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Hogan moves to increase hospital staff capacity amid elevated coronavirus numbers


Maryland Gov. Larry Hogan said Tuesday the state is taking steps to address a looming shortage of hospital beds and an even graver shortage of doctors and nurses to staff them as the region braces for a winter coronavirus surge.

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Maryland has 1,583 people in the hospital being treated for the virus, the highest number the state has seen since early May. The rising number comes as public health experts are sounding the alarm that the situation is expected to get worse.

In recent weeks, Maryland has recorded a rise in hospitalizations and in its coronavirus test positivity rate. The seven-day average has jumped to 7.33 percent, fueled in part by a surge in rural parts of the state. Somerset County on the Eastern Shore has a test positivity rate of nearly 20 percent, while Garrett and Allegany counties in Western Maryland are approaching 15 percent.

The seven-day average number of new cases across Maryland, Virginia and the District of Columbia on Tuesday stood at 4,775 infections - down slightly from a high of 4,989 recorded on Thanksgiving Day.

Hogan said Tuesday the state Department of Health is working with the Maryland Hospital Association to recruit medical personnel and support staff at the state's hospitals. The facilities are in need of staff to provide screening, testing and treatment for coronavirus patients.

The state is also asking universities to award academic credit to students willing to work at hospitals during the pandemic and to let graduating students receive early licensing, the governor said.

A report from the Maryland Health Department last week showed the dire direction in which the state is headed. It found enough staff for 1,846 beds for coronavirus patients, and more than 85 percent of those beds were occupied.

Hogan asked hospitals to submit a "patient surge" plan, which includes a detailed strategy for increasing hospital bed and staffing capacities. The state Department of Health must receive the plans by Dec. 8.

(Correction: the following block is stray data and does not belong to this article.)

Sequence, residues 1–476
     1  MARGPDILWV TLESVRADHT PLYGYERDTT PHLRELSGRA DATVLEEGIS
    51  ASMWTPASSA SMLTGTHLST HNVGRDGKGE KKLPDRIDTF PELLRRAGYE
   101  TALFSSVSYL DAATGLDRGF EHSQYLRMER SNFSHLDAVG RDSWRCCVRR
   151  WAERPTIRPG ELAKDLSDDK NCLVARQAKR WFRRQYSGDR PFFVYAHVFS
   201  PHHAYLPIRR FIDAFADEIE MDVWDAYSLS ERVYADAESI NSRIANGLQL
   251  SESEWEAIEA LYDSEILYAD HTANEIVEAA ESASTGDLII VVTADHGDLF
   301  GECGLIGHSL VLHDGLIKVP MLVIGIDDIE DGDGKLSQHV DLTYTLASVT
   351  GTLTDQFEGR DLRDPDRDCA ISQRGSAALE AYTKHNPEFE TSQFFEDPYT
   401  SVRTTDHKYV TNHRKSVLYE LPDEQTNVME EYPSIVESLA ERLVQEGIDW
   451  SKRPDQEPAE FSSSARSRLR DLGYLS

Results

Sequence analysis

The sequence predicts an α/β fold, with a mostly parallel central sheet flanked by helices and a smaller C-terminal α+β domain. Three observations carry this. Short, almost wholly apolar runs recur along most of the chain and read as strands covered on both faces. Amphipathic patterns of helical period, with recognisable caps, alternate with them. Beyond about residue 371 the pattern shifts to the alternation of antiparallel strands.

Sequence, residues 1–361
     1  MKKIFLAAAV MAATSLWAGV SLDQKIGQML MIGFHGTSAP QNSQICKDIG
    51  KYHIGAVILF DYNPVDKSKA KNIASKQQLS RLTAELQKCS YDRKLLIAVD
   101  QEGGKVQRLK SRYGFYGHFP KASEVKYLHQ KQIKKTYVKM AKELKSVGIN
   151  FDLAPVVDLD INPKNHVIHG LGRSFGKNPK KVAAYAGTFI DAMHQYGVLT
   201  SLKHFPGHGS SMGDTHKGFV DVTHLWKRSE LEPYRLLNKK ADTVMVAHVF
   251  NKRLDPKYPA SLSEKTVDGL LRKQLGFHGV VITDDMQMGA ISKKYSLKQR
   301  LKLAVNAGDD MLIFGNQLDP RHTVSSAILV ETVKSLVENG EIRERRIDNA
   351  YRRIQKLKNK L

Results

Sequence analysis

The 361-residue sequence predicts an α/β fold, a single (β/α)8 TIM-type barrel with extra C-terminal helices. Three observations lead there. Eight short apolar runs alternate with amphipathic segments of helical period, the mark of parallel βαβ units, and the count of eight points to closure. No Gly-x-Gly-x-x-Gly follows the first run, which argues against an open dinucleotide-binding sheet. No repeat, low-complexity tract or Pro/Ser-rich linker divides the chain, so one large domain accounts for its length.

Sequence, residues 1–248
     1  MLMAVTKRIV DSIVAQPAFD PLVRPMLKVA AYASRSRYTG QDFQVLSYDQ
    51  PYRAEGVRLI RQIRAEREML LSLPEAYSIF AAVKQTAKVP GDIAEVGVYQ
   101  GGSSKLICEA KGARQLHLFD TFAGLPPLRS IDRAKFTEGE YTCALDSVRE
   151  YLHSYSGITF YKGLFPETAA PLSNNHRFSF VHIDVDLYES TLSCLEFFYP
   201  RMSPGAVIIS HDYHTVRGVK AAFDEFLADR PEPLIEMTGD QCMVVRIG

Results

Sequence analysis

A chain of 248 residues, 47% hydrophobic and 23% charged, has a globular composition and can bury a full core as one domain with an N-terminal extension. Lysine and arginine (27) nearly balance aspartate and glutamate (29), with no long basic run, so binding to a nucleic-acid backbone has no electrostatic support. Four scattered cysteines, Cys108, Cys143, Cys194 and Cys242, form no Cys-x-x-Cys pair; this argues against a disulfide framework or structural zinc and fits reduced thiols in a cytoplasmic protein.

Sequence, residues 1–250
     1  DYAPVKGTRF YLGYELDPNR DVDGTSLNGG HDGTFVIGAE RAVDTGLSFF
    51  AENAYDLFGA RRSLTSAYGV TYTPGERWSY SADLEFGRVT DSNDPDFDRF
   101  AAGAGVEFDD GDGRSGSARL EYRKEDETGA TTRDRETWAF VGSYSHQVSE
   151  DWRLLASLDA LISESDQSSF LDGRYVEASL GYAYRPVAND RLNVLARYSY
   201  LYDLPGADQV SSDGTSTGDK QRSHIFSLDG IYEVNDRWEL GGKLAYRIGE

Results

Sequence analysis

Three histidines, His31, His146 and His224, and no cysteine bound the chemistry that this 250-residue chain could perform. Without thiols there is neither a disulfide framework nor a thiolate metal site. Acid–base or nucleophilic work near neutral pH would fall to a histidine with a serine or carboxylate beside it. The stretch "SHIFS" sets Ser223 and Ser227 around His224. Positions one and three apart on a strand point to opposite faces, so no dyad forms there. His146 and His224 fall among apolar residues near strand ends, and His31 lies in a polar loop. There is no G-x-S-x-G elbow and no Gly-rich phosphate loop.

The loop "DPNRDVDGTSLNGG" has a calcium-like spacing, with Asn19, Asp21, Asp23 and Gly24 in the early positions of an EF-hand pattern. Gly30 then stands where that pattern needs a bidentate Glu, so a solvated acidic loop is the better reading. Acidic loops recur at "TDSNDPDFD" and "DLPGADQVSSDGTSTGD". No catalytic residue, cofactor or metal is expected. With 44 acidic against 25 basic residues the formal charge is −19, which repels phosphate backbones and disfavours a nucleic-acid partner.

There were 3,500 patients across Maryland, Virginia and D.C. hospitalized Tuesday with the coronavirus, up from 1,636 one month earlier. The number of virus-related deaths has also risen across the greater Washington region, with the seven-day average standing at 45 new daily fatalities to start the month, compared to 20 on Nov. 1.

The state is also requiring hospitals to expand staffed bed capacity by 10 percent within seven days if 8,000 patients become hospitalized statewide. As of Monday, there were a total of 6,780 patients in the state's hospitals.

A Nov. 13 modeling estimate from Johns Hopkins Medicine - which accurately predicted 1,400 coronavirus patients in Maryland would be hospitalized by Thanksgiving - outlined four scenarios for the winter surge and its impact on the state's health care system.

Just one model, called the "optimistic scenario," predicts the state will have enough beds. It calls that scenario, showing a peak of 5,000 people hospitalized with the coronavirus around February, "highly unlikely" based on the rapid ascent of cases now.

A "moderate scenario" model predicts a peak of more than 8,000 patients by February, and a "pessimistic" one predicts 10,000. Maryland has about 10,000 beds statewide for all patients, and as of Wednesday, about half were available for coronavirus patients.

The "catastrophic scenario" predicted "peak hospitalization levels of about 15,000 patients, assuming no further modifications of (the public's) behavior."

As the Washington area stares down the beginning of a winter surge, officials across the region continue to urge residents who traveled during the Thanksgiving holiday to get tested. Hogan has continued to home in on the message of avoiding large crowds, wearing masks and getting tested.

In recent weeks, he has imposed a number of restrictions, including requiring bars and restaurants in Maryland to close at 10 p.m. for dine-in service and reducing capacity allowed in retail stores, religious facilities, fitness centers, personal service facilities and bowling alleys to 50 percent. He also limited visits to nursing homes.

Before the holiday, Hogan announced an "all-hands-on-deck" effort to ensure that bars and restaurants adhered to restrictions. State police were directed to be a part of enforcement normally handled by local police and health departments.

The Washington region on Tuesday reported 5,126 new cases and 68 additional deaths. Maryland had 2,765 cases and 32 deaths, Virginia had 2,228 cases and 31 deaths, and D.C. had 133 cases and five deaths.

Published : December 02, 2020

By : The Washington Post · Ovetta Wiggins, Erin Cox